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Native Americans ask museum to return scalps

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Native Americans ask museum to return scalps
One of the scalps in question. Photo: DPA
15:10 CET+01:00
Members of a Native American tribe are working with the help of United States diplomats in Germany to try get a number of scalps returned to them from a Wild West museum in Eastern Germany.

The Karl May museum in Radebeul near Dresden has at least one scalp on display and an unknown number in storage.

So far the tribe's appeals for the remains to be returned have had no effect on managers of the museum dedicated to the work of May. He was the German author whose adventure books featuring Winnetou and Old Shatterhand shaped the Wild West in German imaginations from the late 1800s onwards.

The Ojibwa Tribe has written to the museum asking for the scalps to be returned. One on display is decorated with beads and bears a full braid of hair.

Cecil Pavlat, cultural repatriation specialist for the Ojibwe Nation told Deutsche Welle, "It's part of that human being. It'd be no different to cutting a hand off, or an arm and displaying that - it's just not culturally appropriate or even acceptable by most ethnic groups, whether they're Native Americans or not."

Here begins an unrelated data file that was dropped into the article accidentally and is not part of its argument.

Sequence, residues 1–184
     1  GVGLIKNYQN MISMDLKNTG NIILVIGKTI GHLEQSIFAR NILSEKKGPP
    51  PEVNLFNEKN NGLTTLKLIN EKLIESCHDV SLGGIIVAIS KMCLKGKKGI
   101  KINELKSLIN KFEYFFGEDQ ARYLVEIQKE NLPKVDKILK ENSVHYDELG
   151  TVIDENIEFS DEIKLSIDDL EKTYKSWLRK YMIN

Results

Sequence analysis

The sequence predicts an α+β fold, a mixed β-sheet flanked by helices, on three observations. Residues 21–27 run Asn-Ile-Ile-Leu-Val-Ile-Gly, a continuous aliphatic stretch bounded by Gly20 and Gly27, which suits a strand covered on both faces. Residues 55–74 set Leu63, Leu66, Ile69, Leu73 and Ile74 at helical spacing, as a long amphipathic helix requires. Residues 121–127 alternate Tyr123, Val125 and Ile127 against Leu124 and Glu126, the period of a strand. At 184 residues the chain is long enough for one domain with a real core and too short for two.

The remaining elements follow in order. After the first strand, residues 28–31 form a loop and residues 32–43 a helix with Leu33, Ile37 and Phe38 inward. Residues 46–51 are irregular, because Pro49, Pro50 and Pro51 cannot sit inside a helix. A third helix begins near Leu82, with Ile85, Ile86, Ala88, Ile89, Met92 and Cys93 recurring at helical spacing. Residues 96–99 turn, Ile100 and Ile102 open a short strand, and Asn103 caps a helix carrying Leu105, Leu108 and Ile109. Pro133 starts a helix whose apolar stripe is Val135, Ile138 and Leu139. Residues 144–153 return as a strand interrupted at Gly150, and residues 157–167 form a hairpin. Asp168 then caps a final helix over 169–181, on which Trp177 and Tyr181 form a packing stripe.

Museum director Claudia Kaulfuß said she could not understand the fuss. "The scalps have been in our depot for years," she said.

"We show the history of the Indians and their culture - scalping was part of it as a religious ritual."

She said the museum had only ever received praise from Native Americans who had visited and left comments in the guestbook.

But Pavlat told Deutsche Welle the display was also misrepresentative of Native American culture. "That's the way we view it, as ancestral remains, even speaking the word 'scalps' - it creeps me out.

"Some say that this was a practice created by our people. History tells us that this has been practiced throughout history in other places, including Europe."

The scalps were bought in 1904 from the Ojibwa Tribe for three bottles of booze and $1,100 by artist Ernst Tobis, who used the name Patty Frank. It was his collection of objects which formed the museum in 1928.

The US Cultural Attaché sent a representative to the museum recently to relay the tribe's concerns about the artefacts, but was told the museum would respond only to direct contact with the Native Americans themselves. 

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